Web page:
Birding – For Science! – at Prairie Ridge
As we approach the one-year anniversary of the start of our Citizen Science Saturday walks at Prairie Ridge, it’s fun to reflect on some of the projects that we have trained our citizen scientists to do over the past year. Different seasons lend themselves well to different projects and, as you might imagine, it can be underwhelming to collect data on things like leaves or insects in the winter. Our choices of walk topics are more limited in winter, though one project has proven to work quite well year-round: eBird.
eBird was developed by the Cornell Lab of Ornithology in Ithica, NY. Their team practically pioneered online citizen science projects and eBird has been popular with birders, wildlife enthusiasts, and others for over a decade. The goal of the project is to document bird distributions throughout the world in real-time, creating a database of bird sightings available for use by scientists and the public alike. The process is simple. Participants watch for birds in their area, record any they see, and submit sightings to eBird.org. From there, researchers use the data for their studies, bird enthusiasts use the database to tell them where to look for birds, and all participants can use the eBird website as a place to store their sightings and create a life list. eBird has, I think, two particular strengths. First, the data is constantly being used bird research, so participant sightings are genuinely useful to science. Second, no one is discouraged from submitting their sightings, whether beginner or expert.
The eBird project has been a successful addition to our rotation of citizen science walks. People seem to get behind the idea of bird watching as citizen scientists. It probably doesn’t hurt that birds are generally considered “pretty” or “cute,” but they’re also fascinating creatures to watch. Spend enough time watching a bird feeder and you’ll see all sorts of dramas and amusing antics play out! You might see an order of precedence form, with some species dominating the feeders while other birds wait their turn. You might see inter-species conflicts and competition: sometimes the squirrel dominates the feeder, and other times the birds chase the squirrel from the pantry. Or, you may see a whole community of animals go suddenly quiet and still, all eyes on the sky as a Bald Eagle or Cooper’s Hawk glides overhead. Their interesting behaviors combined with their handsome looks make birds popular with a lot of people, including our citizen scientists.
Our birding walks are simple. We meet everyone at the entrance gate, do some quick introductions, and briefly talk about the project so everyone knows how and why we’re collecting data. Then we dive right into data collection! We hand out binoculars and field guides and spend 45 minutes wandering the grounds, counting and recording every bird we can identify. Some birds we’ll see every time we lead winter walks – Northern Cardinals, Tufted Titmouses, White-breasted Nuthactches, and Carolina Chickadees abound! However, on recent walks we’ve been treated to some less common birds, such as the American Bittern that has been overwintering at Prairie Ridge and a Bald Eagle that has been spotted on the grounds several times. The group circles the Ecostation, watching, identifying, and recording as we go, then we complete the experience by discussing the data we collected and how to enter it on the eBird.org website.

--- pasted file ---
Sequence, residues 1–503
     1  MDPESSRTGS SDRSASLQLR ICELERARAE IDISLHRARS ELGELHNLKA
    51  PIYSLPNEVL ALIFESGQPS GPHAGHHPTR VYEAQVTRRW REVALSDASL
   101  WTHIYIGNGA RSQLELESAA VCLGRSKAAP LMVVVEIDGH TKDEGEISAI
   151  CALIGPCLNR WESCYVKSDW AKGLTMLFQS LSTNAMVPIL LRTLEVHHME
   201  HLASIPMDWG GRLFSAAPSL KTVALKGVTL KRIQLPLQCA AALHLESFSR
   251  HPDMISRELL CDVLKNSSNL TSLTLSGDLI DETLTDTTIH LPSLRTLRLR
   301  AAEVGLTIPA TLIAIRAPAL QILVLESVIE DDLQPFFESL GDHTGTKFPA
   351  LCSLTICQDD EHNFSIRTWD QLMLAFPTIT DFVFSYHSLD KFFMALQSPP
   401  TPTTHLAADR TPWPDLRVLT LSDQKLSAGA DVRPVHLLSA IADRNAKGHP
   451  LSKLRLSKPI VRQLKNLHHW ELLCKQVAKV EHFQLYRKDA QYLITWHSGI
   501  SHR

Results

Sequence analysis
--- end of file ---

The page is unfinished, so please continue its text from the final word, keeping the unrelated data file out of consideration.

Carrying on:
Once we upload our data to eBird, it is available for everyone to see. eBird users can designate locations as birding hotspots on the site, and Prairie Ridge repeatedly makes the list. When we report rare or locally uncommon birds on eBird, people start to come to Prairie Ridge to look for them almost immediately. We’ve recorded 154 bird species at Prairie Ridge on eBird so far, and several of those sightings were made by citizen scientists attending the Saturday walks for the first time.
By offering birding and other Citizen Science Saturday walks, we hope to inspire people to become citizen scientists and to appreciate the nature all around them. We want to show people that with a few simple tools and a little information, they can make a real contribution to science. As a walk leader, I enjoy leading all the walks, but I especially love watching people respond to the birds. People light up when they see them and are excited to watch and learn about them. One of my favorite moments at the Musuem so far came about a month ago when an 8-year-old boy and his father came out for a walk. We visited the pond to look for the American Bittern. I saw it immediately, but the bird is incredibly well camouflaged and the boy had difficulty spotting it. He was determined to see it, however, so he spent close to 15 minutes peering into the cattails trying to find it. When he did, he said, “I see it, I see it! Yessss!!!” Then he started pumping his fist in the air and did a happy little I-saw-the-Bittern dance. I know that kid’s going to remember that moment forever. He and his father left determined to make their own bird observations at their own feeders in their own yard. That’s exactly what we want at the end of these walks – people who are enthusiastic about the possibilities of citizen science, who want to see what amazing observations they can record on their own, and who want to share the amazing things they see with the world. You CAN make a difference as a citizen scientist, and we want to show you how!
Want to join us on a Citizen Science Saturday walk? Walks depart from the entrance to Prairie Ridge every Saturday from 10:30-11:30. Topics vary by week, depending on who is leading the walk and the time of the year. We hope to see you there!
Photos by Chris Goforth